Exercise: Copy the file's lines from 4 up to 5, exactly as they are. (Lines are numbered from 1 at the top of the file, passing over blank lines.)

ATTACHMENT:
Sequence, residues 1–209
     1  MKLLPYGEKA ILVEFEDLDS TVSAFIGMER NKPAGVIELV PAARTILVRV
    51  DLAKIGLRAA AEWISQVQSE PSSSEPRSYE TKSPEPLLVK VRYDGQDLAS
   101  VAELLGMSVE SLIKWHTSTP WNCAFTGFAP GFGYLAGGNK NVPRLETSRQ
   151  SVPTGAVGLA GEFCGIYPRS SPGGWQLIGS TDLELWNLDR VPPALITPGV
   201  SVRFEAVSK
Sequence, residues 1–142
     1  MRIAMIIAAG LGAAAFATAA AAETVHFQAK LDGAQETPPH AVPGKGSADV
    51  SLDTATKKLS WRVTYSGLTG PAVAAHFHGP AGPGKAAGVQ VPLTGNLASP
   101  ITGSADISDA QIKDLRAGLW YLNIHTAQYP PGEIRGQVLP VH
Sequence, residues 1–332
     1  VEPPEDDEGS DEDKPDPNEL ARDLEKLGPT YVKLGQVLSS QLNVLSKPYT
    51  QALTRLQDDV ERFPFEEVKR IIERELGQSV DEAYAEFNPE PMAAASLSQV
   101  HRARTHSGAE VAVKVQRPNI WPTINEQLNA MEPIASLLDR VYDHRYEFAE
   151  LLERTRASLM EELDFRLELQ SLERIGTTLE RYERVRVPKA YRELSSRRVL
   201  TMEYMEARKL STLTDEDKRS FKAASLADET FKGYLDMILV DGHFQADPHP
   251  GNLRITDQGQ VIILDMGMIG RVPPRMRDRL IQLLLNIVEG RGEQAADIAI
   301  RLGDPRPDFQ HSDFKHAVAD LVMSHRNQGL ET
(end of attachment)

   101  VAELLGMSVE SLIKWHTSTP WNCAFTGFAP GFGYLAGGNK NVPRLETSRQ
   151  SVPTGAVGLA GEFCGIYPRS SPGGWQLIGS TDLELWNLDR VPPALITPGV